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The Tucson Time Traders promote personal empowerment by sharing skills

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For Tucsonan Winona Smith, the adage "you get what you pay for" doesn't ring true. The idea that something free is less-valuable than something expensive doesn't cut it for her, either.

Smith is a co-coordinator of Tucson Time Traders, Tucson's local time bank. As defined at tucson.timebanks.org, a time bank is a group of people who trade an hour of work for an hour of work by someone else. The time is banked so you can trade accumulated hours with anyone within the network.

Smith gives an example of a recent transaction: "I needed help with my computer, so I put in a request through the time bank for someone to help with computer repair. Chris (Van Sprout, a Tucson Time Traders co-coordinator) spent five hours working on my computer. I owed five hours to the time bank. Another person needed dog-sitting, so I took care of her dog. I got (time-bank) hours taking care of her dog. Then I wanted to have my hair done. I put in a request for that. ... You don't have to be connected to the person who did the service. You can do a service for someone and use your time-bank hours elsewhere." All time-bank hours are tracked via an online system.

In contrast to bartering and traditional banking, Smith says, time-banking has a different feel. "Bartering is when two people sit down together and do an exchange: 'I will do this for you, and you will do that for me.' It's usually a one-on-one type of thing. The usual banking system is trading money for a service. And time-banking is definitely different from charity in that everybody is giving."

Tucson Time Traders began about a year ago when co-coordinators Smith, Van Sprout and Kacie Johnson got together with four other people. They did some research and signed up with the national TimeBanks USA. Currently, Tucson Time Traders has around 21 members. Smith says the goal is to have at least 100 people involved.

Tucson Time Traders conducts community potluck and orientation meetings at 5:30 p.m. on the second Thursday of each month at the Ward 3 City Council Office, 1510 E. Grant Road. The next meeting is on Feb. 9, the day this issue officially hits the streets. After that, the next meeting is March 8. Smith says that a potluck commences at 5:30 so people can get to know each other.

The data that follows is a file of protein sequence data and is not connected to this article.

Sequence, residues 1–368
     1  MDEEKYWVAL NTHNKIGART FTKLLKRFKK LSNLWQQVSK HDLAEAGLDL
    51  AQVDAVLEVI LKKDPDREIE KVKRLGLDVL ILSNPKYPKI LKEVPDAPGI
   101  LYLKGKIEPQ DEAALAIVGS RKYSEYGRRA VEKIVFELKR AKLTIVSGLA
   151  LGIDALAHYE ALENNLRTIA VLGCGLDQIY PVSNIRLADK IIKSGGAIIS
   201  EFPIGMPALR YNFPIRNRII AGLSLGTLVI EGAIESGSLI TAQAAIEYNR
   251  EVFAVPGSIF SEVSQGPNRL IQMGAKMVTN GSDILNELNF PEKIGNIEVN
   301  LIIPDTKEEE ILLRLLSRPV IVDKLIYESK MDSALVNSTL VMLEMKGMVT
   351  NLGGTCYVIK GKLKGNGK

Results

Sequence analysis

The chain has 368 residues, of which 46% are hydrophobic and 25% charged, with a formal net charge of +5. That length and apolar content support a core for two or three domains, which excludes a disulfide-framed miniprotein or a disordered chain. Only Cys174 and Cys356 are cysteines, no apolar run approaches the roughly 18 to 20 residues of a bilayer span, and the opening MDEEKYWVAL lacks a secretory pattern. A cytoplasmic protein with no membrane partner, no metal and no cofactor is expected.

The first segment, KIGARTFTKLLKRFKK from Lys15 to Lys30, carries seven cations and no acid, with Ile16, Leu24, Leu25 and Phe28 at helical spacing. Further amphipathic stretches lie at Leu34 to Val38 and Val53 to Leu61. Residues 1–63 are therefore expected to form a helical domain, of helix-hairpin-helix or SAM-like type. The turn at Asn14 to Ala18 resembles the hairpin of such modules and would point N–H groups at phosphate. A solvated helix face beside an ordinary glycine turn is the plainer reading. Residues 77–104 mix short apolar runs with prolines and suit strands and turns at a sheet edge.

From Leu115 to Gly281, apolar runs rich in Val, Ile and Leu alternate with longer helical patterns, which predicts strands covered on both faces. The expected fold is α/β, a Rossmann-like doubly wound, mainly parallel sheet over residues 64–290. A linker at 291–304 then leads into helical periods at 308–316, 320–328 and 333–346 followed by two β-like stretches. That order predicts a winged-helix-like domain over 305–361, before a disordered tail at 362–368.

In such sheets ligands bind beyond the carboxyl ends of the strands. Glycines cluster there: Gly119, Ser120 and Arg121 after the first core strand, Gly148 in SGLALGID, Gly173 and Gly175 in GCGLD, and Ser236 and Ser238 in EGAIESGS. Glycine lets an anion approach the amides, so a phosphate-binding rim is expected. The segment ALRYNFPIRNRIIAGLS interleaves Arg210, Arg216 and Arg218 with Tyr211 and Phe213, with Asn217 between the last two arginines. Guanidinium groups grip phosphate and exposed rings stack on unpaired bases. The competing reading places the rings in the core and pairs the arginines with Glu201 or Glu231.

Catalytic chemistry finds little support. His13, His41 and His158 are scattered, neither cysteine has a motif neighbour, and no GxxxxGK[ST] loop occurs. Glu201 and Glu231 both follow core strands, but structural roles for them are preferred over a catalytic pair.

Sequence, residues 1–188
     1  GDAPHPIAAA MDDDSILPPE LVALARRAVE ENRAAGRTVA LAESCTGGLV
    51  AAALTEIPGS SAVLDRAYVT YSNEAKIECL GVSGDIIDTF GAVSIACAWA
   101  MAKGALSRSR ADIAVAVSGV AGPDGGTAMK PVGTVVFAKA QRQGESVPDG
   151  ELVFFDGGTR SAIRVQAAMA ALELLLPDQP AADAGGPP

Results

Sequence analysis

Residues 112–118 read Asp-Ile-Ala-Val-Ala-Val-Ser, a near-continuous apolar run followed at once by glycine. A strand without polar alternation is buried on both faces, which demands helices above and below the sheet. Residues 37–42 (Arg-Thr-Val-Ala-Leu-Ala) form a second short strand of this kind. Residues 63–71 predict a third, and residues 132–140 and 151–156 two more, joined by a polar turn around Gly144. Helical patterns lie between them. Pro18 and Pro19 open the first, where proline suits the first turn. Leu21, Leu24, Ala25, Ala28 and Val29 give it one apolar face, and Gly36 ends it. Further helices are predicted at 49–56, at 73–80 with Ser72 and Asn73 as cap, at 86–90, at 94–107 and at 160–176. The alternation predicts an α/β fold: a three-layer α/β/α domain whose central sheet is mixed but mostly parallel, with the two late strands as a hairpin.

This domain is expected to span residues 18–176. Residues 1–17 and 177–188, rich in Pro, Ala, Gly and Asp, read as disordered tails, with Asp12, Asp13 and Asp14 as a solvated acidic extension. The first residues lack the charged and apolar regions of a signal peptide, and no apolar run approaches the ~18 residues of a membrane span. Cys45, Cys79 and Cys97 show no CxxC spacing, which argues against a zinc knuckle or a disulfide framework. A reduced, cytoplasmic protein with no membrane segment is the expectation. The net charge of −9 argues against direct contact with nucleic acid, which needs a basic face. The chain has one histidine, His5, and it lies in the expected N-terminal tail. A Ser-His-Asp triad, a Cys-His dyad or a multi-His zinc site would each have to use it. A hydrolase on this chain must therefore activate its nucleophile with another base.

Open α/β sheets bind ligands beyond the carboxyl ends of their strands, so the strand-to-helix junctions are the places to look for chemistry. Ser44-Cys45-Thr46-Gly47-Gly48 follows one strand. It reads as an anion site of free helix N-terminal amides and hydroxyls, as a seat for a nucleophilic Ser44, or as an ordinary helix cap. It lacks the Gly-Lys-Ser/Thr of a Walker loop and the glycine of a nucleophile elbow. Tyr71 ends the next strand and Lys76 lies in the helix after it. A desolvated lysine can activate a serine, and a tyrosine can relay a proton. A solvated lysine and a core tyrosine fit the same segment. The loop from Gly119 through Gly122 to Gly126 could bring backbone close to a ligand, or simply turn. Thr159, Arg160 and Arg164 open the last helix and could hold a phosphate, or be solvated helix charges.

"Then from 6 to 7 p.m., we explain how time-banking works and do activities to help them understand (further). From 7 to 8 p.m., we have an operating-committee meeting, which the public is welcome to attend."

Currently, joining Tucson Time Traders is free, and having a computer is not required.

You might think that people sign up to trade what they do for a living for another service, but Smith says that's only a small piece of the pie. "We like it if you think out of the box. ... It's more fun if you do things you really enjoy doing." As an unusual example, she heard that some women in another city's time bank got together to help sew a wedding dress.

Smith says the premise of the time bank is to help with community. One of the values of Tucson Time Traders is that people help each other reweave communities of support, strength and trust.

"It helps to integrate the ages," Smith says. "Older people meet younger people. Older people may not be trapped in their house but are connected. People who have handicaps may need assistance." She also notes that "the difference in their gratitude for the help is so different when they can be helpful themselves."

One surprising trend Smith has noticed is that some people have a harder time figuring out what they want than what they can give. "Many people want to give. The first thing we want to know is, 'What do you want?' Reciprocity is very important in the system. You can't have the time bank flow if you aren't willing to be helped."

Another trend is the creation of a positive balance of giving and receiving. As stated at tucson.timebanks.org, "How can I help you?" becomes, "How can we help each other build the world we both will live in?"

Not bad for something that's free.

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